From celebrated Yale professor Valerie Hansen, a "vivid" and "astonishingly comprehensive account [that] casts world history in a brilliant new light" (Publishers Weekly, starred review) and shows how bold explorations and daring trade missions first connected all of the world's societies at the end of the first millennium. People often believe that the years immediately prior to AD 1000 were, with just a few exceptions, lacking in any major cultural developments or geopolitical encounters, that the Europeans hadn't yet reached North America, and that the farthest feat of sea travel was the Vikings' invasion of Britain. But how, then, to explain the presence of blond-haired people in Maya temple murals at Chichén Itzá, Mexico? Could it be possible that the Vikings had found their way to the Americas during the height of the Maya empire?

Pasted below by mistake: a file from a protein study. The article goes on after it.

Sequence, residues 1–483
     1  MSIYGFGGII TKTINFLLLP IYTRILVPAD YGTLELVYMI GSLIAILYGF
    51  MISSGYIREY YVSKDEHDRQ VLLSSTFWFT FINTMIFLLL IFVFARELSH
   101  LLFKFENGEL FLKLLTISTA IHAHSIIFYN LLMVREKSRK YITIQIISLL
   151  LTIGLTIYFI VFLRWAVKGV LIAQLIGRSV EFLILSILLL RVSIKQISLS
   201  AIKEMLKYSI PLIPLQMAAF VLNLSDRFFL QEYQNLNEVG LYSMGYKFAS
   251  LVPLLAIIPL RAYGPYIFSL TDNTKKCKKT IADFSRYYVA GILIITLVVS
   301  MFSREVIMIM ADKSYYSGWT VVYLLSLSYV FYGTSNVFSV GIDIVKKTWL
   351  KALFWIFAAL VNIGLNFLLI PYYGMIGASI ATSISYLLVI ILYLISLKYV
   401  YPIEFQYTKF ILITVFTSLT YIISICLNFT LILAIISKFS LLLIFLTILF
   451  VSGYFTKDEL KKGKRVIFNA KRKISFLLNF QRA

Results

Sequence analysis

Valerie Hansen, an award-winning historian, argues that the year 1000 was the world's first point of major cultural exchange and exploration. Drawing on nearly thirty years of research, she presents a compelling account of first encounters between disparate societies, which sparked conflict and collaboration eerily reminiscent of our contemporary moment.
For readers of Jared Diamond's Guns, Germs, and Steel and Yuval Noah Harari's Sapiens, The Year 1000 is a "fascinating...highly impressive, deeply researched, lively and imaginative work" (The New York Times Book Review) that will make you rethink everything you thought you knew about how the modern world came to be.